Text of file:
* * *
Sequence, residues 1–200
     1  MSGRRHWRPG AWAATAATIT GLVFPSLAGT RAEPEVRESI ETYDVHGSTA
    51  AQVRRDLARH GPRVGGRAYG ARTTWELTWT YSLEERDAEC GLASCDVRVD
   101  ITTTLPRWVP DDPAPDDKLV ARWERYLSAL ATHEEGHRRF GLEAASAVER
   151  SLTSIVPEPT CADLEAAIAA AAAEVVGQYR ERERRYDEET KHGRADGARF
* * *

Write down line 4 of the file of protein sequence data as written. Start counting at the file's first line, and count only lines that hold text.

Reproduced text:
   101  ITTTLPRWVP DDPAPDDKLV ARWERYLSAL ATHEEGHRRF GLEAASAVER